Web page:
Quick Question about Reflection

  • Thread starter cepheid
  • Start date
  • #1
cepheid
Staff Emeritus
Science Advisor
Gold Member
5,192
36

Main Question or Discussion Point

Say that light is incident on a plane mirror, normal to the surface (i.e. zero degrees from the normal). Why does the reflected light (which heads back toward the source) not interfere with the incident light?
 

Answers and Replies

  • #2
ZapperZ
Staff Emeritus
Science Advisor
Education Advisor
Insights Author
35,737
4,507
cepheid said:
Say that light is incident on a plane mirror, normal to the surface (i.e. zero degrees from the normal). Why does the reflected light (which heads back toward the source) not interfere with the incident light?
In some cases, it does! That's why you have standing wave in EM cavities.

It is more difficult when you try to do it with a common laser source, for instance, because for it to clearly show interference effects, it must overlap "exactly" and be at the right phase, or else any clear effects will be washed out.

Zz.
 
  • #3
cepheid
Staff Emeritus
Science Advisor
Gold Member
5,192
36
I'm wondering about why "in some cases" and not others, though I guess your second sentence sort of addresses that. I'm not clear on what overlap "exactly" means. For instance, what happens when I stare at my reflection in a mirror. The light is clearly coming right back at me. What's going on there? Why are interference effects washed out?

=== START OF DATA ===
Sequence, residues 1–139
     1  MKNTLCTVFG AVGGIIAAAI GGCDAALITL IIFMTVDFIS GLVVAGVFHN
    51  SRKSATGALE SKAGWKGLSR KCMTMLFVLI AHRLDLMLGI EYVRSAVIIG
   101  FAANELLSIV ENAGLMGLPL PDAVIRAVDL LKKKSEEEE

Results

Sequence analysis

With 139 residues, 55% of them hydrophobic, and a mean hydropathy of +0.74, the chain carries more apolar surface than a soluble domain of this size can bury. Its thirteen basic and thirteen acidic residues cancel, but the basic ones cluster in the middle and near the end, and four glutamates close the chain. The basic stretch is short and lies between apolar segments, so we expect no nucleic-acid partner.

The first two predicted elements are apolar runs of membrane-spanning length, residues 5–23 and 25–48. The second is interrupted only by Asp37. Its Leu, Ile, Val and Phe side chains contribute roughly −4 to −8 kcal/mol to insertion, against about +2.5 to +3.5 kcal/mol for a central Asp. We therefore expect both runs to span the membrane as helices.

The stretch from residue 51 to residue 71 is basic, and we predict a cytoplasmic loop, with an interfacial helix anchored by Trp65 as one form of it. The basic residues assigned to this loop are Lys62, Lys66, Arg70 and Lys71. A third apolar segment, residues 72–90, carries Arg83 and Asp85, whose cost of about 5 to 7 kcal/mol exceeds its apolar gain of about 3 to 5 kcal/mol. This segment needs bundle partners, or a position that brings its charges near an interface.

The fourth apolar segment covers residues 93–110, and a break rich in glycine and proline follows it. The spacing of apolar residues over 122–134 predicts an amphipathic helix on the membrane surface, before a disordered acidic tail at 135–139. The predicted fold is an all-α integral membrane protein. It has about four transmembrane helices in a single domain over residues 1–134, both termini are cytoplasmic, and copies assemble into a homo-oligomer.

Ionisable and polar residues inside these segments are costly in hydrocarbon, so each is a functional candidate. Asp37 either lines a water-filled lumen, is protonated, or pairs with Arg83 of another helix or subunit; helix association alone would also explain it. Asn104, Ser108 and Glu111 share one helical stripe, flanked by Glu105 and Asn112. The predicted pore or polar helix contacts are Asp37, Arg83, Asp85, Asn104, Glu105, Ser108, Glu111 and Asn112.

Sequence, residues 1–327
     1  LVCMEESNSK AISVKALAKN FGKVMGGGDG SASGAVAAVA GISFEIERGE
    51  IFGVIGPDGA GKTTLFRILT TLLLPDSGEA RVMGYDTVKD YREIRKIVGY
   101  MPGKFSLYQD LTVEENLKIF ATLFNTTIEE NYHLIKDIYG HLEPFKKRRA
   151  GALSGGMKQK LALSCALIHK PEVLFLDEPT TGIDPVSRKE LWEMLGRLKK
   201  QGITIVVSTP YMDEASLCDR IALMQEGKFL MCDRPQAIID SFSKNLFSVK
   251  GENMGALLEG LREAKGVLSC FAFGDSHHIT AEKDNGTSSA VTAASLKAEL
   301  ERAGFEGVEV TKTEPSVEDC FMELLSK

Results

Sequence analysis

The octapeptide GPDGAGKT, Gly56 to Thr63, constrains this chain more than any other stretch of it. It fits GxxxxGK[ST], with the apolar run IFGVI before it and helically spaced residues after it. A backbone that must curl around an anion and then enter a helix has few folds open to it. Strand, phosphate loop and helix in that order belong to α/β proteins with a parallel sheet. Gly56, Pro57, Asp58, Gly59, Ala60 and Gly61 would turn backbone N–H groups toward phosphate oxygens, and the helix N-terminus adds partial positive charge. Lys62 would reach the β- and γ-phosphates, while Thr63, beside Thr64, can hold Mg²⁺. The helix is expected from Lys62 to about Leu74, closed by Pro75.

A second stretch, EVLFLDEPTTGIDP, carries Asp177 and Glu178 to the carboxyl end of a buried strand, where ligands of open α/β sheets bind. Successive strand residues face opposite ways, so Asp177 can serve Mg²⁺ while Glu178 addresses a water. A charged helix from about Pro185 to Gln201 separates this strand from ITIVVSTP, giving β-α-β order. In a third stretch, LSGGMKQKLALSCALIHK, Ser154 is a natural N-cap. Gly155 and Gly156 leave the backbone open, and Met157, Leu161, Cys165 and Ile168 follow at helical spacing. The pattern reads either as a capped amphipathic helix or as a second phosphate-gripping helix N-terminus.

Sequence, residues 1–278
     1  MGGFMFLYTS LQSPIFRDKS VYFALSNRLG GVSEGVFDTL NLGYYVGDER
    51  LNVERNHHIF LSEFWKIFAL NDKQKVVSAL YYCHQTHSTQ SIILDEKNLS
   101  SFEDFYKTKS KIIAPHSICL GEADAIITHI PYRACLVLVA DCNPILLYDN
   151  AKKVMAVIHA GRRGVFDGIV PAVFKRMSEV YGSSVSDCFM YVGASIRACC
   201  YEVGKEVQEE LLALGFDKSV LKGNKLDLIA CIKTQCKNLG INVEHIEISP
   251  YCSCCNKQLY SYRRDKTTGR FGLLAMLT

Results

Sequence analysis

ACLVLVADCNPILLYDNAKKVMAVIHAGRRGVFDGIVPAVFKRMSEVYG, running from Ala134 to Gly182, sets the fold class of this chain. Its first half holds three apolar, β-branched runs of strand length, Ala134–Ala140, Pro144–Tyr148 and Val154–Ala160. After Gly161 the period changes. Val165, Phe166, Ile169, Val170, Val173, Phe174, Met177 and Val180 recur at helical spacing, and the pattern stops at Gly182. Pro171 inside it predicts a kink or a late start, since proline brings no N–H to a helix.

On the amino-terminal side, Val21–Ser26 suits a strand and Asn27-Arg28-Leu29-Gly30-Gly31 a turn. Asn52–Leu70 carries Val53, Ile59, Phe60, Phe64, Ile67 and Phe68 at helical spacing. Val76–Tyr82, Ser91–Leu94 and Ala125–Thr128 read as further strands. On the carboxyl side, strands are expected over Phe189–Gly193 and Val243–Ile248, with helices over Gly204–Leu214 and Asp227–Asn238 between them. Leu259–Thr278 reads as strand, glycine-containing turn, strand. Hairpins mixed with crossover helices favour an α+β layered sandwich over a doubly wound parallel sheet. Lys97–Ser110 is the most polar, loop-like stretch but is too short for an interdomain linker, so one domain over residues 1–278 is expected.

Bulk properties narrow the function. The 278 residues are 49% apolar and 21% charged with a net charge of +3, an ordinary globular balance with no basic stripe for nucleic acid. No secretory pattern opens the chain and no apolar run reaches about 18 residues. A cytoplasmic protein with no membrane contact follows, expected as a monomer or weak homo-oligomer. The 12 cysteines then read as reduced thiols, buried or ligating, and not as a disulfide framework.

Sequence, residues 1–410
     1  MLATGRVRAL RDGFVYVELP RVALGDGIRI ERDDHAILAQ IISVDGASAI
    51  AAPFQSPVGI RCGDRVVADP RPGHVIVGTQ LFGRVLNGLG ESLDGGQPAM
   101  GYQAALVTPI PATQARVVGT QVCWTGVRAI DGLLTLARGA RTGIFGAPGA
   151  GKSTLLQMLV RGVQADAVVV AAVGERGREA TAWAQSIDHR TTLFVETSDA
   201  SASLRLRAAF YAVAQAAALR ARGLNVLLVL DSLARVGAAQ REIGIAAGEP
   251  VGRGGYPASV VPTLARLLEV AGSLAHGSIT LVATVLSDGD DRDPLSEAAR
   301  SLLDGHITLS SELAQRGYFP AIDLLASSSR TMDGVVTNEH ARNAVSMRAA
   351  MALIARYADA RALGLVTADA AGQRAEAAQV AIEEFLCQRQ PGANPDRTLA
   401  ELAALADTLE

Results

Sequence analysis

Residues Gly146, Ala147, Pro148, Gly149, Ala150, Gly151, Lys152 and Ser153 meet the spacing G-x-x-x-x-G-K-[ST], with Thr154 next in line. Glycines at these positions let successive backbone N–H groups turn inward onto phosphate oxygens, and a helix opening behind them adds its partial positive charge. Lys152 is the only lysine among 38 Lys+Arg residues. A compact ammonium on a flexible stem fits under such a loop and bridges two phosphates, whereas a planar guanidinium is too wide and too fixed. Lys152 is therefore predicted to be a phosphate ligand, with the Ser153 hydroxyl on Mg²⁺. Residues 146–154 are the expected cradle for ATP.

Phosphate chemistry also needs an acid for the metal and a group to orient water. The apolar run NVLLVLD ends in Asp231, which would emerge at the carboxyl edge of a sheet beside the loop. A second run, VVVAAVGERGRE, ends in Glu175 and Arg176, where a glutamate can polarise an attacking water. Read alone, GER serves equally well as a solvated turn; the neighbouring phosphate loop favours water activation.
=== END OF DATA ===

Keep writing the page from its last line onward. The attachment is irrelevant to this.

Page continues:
• #4
Danger
Gold Member
9,607
245
I would think that it's pretty nearly impossible for a bunch of non-coherent light to randomly end up exactly out of phase with another batch. You probably have, once in a while, for a very brief time, a small fraction of the spectrum that interferes with itself, but how would you notice?
 
  • #5
ZapperZ
Staff Emeritus
Science Advisor
Education Advisor
Insights Author
35,737
4,507
cepheid said:
I'm wondering about why "in some cases" and not others, though I guess your second sentence sort of addresses that. I'm not clear on what overlap "exactly" means. For instance, what happens when I stare at my reflection in a mirror. The light is clearly coming right back at me. What's going on there? Why are interference effects washed out?
But the light you are seeing of yourself in the mirror isn't from a coherent source. Besides, it didn't originate out of your eyes, so the path from,let's say your belly to your eyes do not overlap. So how are they going to "interfere"?

Zz.
 

Related Threads on Quick Question about Reflection

  • Last Post
Replies
2
Views
735
  • Last Post
Replies
4
Views
2K
  • Last Post
Replies
5
Views
783
  • Last Post
Replies
1
Views
1K
Replies
2
Views
704
  • Last Post
Replies
1
Views
2K
Replies
2
Views
502
Replies
3
Views
3K
  • Last Post
Replies
3
Views
501
  • Last Post
Replies
8
Views
4K
Top